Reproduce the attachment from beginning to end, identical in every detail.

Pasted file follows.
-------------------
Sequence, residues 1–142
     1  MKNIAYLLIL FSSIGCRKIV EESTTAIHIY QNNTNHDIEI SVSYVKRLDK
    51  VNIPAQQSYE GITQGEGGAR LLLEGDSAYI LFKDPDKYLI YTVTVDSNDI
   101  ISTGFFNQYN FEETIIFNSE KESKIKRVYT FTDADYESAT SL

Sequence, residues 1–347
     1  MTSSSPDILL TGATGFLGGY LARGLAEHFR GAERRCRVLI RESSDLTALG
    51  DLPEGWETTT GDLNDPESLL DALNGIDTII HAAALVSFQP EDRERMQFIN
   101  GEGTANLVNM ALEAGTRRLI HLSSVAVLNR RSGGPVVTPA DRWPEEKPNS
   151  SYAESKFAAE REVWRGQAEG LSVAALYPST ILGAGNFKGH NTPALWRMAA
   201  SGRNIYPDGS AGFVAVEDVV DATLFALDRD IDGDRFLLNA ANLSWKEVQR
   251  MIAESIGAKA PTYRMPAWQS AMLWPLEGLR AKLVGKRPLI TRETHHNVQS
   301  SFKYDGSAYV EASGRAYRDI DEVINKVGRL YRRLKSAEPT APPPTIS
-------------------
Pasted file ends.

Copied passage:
Sequence, residues 1–142
     1  MKNIAYLLIL FSSIGCRKIV EESTTAIHIY QNNTNHDIEI SVSYVKRLDK
    51  VNIPAQQSYE GITQGEGGAR LLLEGDSAYI LFKDPDKYLI YTVTVDSNDI
   101  ISTGFFNQYN FEETIIFNSE KESKIKRVYT FTDADYESAT SL

Sequence, residues 1–347
     1  MTSSSPDILL TGATGFLGGY LARGLAEHFR GAERRCRVLI RESSDLTALG
    51  DLPEGWETTT GDLNDPESLL DALNGIDTII HAAALVSFQP EDRERMQFIN
   101  GEGTANLVNM ALEAGTRRLI HLSSVAVLNR RSGGPVVTPA DRWPEEKPNS
   151  SYAESKFAAE REVWRGQAEG LSVAALYPST ILGAGNFKGH NTPALWRMAA
   201  SGRNIYPDGS AGFVAVEDVV DATLFALDRD IDGDRFLLNA ANLSWKEVQR
   251  MIAESIGAKA PTYRMPAWQS AMLWPLEGLR AKLVGKRPLI TRETHHNVQS
   301  SFKYDGSAYV EASGRAYRDI DEVINKVGRL YRRLKSAEPT APPPTIS